1. Maintenance, inspection, operating, and care instructions
  2. Adaptation of plans, verifications, and calculations to the completed building
  3. User handbook
PRO2.1 Environmental Impact of Construction

Building sites and building processes pollute the local environment through noise, dust, and dirt. The aim of this criterion is to minimise the impact on the local environment and the residents nearby.


  1. Low waste building site
  2. Low noise building site
  3. Low dust building site
  4. Environmental protection on the building site (soil protection)
PRO2.2 Construction Quality Assurance

The criterion assists in the description and evaluation of the construction work. The objective is to rule out defects as much as possible during the construction phase through good building documentation and quality controls, and to record the quality attained. In addition, later conversion and deconstruction measures should be made easier and optimised in terms of their sustainability.


  1. Documentation of the materials used, auxiliary materials and the safety data sheets
  2. Quality control measurements
PRO2.3 Systematic Commissioning

The planned commissioning of a building makes a decisive contribution to long-term and efficiently functioning building services engineering. The criterion therefore assesses the implementation of well-planned commissioning.


  1. Systematic Commissioning

Site Quality more

SITE1.1 Local Environment

Buildings are subject to many different environmental influences. As a rule, legal regulations appropriately reflect these environmental influences on a building. In addition to this, this criterion deals with extreme events which can clearly influence the condition and value of a building.


  1. Site location risks
  2. Site location conditions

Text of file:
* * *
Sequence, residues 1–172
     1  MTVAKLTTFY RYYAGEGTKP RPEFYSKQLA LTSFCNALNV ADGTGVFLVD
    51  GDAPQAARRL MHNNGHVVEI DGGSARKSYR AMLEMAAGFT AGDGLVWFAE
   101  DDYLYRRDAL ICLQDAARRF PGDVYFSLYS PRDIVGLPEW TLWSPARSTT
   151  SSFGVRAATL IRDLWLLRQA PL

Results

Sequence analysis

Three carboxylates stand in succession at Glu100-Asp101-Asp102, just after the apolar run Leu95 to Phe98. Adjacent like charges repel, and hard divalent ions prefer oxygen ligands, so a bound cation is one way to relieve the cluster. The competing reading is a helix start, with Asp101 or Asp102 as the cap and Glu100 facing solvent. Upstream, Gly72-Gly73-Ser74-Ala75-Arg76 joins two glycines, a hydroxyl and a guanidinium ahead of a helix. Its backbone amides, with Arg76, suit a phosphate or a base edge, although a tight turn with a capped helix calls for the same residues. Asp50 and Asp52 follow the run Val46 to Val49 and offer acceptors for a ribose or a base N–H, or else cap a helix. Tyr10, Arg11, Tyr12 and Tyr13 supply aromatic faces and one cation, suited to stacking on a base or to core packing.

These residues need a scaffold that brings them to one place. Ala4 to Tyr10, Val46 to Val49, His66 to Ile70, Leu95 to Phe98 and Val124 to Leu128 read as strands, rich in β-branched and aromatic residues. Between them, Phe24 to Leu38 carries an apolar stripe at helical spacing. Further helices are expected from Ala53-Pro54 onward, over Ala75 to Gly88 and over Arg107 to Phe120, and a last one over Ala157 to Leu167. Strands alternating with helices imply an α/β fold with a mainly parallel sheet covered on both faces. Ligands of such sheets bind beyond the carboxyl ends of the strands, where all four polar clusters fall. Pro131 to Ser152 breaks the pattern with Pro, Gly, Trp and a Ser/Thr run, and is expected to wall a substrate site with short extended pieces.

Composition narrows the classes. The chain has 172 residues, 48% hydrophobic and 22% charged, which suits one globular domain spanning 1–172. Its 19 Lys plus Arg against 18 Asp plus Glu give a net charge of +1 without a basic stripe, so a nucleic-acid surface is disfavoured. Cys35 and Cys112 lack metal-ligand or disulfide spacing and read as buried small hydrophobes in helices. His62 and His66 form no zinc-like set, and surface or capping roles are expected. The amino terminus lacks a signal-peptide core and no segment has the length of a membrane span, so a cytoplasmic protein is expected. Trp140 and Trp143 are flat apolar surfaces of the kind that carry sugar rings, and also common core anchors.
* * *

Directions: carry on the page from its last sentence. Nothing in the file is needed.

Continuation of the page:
SITE1.2 Public Image and Social Conditions

The perception of a location is determined by its current use. However, at the same time it influences the potential for future uses. An industrially defined perception might enhance a location’s attractiveness for commercial uses but detract from its attractiveness for residential uses. The location’s reputation makes a significant contribution to the building being accepted by its intended users and visitors. A poor reputation can result in the building being empty and demolished prematurely. For the economic and social quality of a location it is therefore crucial that it does not just satisfy functional requirements but also conveys a positive image.


  1. Survey
  2. Positive effect on the location
SITE1.3 Transport Access

Transport links are central to site quality. The criterion therefore evaluates the geographical connection of the building to the individual forms of transport (e. g. the distance to the next stop or motorway access) and the efficiency and quality (e. g. frequency) of the respective means of transport.


  1. Accessibility of the nearest stop on the public transport network (bus, local train, tram, etc.)
  2. Cycling infrastructure at the location
  3. Quality of the road connection
  4. Parking plan
  5. Transport plan, traffic plan
SITE1.4 Access to Amenities

A location can only be evaluated together with its environment and the amenities provided in the surrounding area.


  1. Gastronomy
  2. Local amenities
  3. Parks and open spaces
  4. Education
  5. Public administration
  6. Medical provision
  7. Sporting facilities
  8. Free time
  9. Service providers

Where can I find the criteria?

  • As DGNB Auditor, Consultant and Member you can download the criteria from the internal area of the DGNB website.
  • If your are interested in learning more about the CORE14 but you have no access to the password-protected area, you can request the criteria in our website.

    Request DGNB Criteria

  • You can also find the Criteria Overview for New Office Buildings here.